In building a wardrobe, a gentleman does well to think in terms of tiers. Tier 1 is the realm of the suit, and that is where we start.
Why start on Tier 1, why start with the suit? Quite simply because a suit can serve in many situations, but other items are not as versatile. A suit can be dressed down, but a blazer or sports coat is never as classy or sophisticated as a suit, no matter who the designer is.
When purchasing a suit, it is a good idea to set aside some time for the experience. True, you can walk into the nearest men’s store, put on a few jackets and trousers and call it good, but you will likely be more pleased with the results if you take your time. Find a man who knows clothing, someone who is more than just a salesman, and you are likely to learn far more than just what size you should be looking for. You will also learn about fabrics, weaves, weights, rise, hand, and the subtle alterations that can make a suit look custom built for you rather than just purchased off the rack.
In building tier 1, i recommend three suits. 1 should be black, ideal for formal occasions. 1 should be gray, more versatile than black, but still suitable (no pun intended) for formal occasions. Finally, one in blue. I recommend these three colors because they are less likely to go out of style quickly, and for the man of style AND substance, maximizing the value obtained from any investment in clothing is critical.
Along these same lines, I recommend single breasted, two button suits for at least two of the tier 1 items. Again, these are classic lines, typically prepared in more conservative cuts and fabrics, making them more likely to last a long time before they are noticeably out of style. In some cases, the right suit can provide a decade of wear, or more, before it must be retired.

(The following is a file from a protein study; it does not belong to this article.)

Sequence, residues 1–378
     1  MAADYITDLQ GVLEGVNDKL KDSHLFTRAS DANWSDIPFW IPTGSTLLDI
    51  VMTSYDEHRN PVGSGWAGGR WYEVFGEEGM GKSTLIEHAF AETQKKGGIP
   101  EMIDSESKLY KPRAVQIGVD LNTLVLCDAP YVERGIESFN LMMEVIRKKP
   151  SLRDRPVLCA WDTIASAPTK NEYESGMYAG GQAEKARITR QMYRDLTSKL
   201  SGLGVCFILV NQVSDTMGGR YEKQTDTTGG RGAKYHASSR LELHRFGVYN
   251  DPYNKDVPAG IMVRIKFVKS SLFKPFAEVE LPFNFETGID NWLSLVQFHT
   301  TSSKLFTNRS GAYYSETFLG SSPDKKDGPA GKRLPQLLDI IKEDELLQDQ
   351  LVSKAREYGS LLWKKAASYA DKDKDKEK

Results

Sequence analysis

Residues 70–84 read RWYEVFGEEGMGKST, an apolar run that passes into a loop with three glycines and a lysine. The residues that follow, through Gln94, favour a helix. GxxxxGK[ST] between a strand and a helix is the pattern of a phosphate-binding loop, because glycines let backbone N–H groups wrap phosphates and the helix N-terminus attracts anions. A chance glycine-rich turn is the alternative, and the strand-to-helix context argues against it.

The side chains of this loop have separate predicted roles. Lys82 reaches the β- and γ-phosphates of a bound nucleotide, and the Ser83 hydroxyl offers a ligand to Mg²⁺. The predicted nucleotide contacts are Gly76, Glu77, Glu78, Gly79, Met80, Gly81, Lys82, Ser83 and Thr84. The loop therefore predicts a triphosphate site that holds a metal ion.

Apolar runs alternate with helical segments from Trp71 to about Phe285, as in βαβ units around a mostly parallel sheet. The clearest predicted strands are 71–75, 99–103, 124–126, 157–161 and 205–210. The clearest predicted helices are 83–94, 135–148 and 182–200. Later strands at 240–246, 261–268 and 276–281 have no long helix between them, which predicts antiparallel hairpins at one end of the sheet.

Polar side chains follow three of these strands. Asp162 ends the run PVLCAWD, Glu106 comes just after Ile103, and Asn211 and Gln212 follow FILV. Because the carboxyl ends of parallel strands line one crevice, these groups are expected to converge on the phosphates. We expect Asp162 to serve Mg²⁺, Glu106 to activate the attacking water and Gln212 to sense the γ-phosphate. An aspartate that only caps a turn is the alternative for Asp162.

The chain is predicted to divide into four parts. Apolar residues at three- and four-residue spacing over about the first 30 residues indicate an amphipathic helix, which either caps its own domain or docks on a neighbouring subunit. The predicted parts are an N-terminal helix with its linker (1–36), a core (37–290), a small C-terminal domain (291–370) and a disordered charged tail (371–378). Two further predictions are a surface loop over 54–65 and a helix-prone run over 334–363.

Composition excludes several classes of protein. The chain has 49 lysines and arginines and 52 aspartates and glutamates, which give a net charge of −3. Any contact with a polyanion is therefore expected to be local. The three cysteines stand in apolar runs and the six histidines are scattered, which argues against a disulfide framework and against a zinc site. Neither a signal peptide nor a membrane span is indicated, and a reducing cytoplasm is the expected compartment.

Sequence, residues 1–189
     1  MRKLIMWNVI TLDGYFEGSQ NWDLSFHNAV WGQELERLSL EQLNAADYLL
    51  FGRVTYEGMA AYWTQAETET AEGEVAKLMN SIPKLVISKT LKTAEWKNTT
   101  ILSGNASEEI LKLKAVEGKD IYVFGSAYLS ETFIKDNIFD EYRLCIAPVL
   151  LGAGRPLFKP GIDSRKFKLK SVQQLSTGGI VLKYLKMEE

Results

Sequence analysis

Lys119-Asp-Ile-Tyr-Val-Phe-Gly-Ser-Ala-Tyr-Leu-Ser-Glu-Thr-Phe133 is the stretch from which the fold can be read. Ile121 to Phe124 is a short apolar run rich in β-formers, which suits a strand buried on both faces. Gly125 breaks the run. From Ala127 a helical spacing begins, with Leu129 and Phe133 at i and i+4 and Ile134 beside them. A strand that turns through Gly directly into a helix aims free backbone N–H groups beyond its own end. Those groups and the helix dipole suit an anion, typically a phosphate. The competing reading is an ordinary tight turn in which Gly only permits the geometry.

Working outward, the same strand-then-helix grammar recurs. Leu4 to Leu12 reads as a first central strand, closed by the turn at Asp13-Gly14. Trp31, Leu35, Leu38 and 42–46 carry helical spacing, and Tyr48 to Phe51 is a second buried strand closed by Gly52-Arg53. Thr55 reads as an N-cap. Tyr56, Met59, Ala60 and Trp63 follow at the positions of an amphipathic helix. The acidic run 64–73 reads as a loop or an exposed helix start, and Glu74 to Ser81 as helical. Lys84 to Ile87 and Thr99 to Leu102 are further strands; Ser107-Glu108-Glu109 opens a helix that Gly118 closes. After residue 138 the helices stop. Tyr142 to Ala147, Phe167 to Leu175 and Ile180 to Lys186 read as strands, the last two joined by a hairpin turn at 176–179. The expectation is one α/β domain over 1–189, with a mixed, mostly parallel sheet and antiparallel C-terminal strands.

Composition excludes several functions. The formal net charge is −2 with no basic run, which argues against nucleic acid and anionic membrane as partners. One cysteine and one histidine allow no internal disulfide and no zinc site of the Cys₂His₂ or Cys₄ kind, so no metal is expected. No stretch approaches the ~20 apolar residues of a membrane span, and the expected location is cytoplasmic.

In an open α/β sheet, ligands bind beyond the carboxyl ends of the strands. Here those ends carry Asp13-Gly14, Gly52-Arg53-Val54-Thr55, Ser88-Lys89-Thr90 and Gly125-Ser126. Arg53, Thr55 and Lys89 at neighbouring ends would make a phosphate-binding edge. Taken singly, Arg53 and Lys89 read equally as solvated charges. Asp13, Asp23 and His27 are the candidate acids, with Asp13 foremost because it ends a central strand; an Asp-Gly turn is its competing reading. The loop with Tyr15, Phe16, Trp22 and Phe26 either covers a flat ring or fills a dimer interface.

I recommend having the slacks hemmed without a cuff, again owing to the fact that cuffed slacks go in and out of style, but it is not critical to do so. Most clothiers will have a tailor on site who can handle the hemming quickly and generally with no or little charge.
If you are an individual with an athletic build, meaning that there is more than 8 inches difference between your chest and your waist, you will likely want to look at purchasing suits through matching separates. Many department stores will carry the slacks and coats separately, and minor adjustments to fit can be made by a local tailor.
One way to make the suit more economically feasible and longer lived include going with a suit made from a blended fabric. Typically a wool/polyester or wool/dacron blend will provide a pleasant feel without being stiflingly hot during the summer nor too thin during the winter. Additionally, the blended fabrics tend to make the fabric more resilient, allowing for more time between cleanings and making replacement less frequently needed.
Tier 1 items, wisely purchased and thoughtfully cared for, can pay dividends for years
What questions come to mind as you finish reading this post?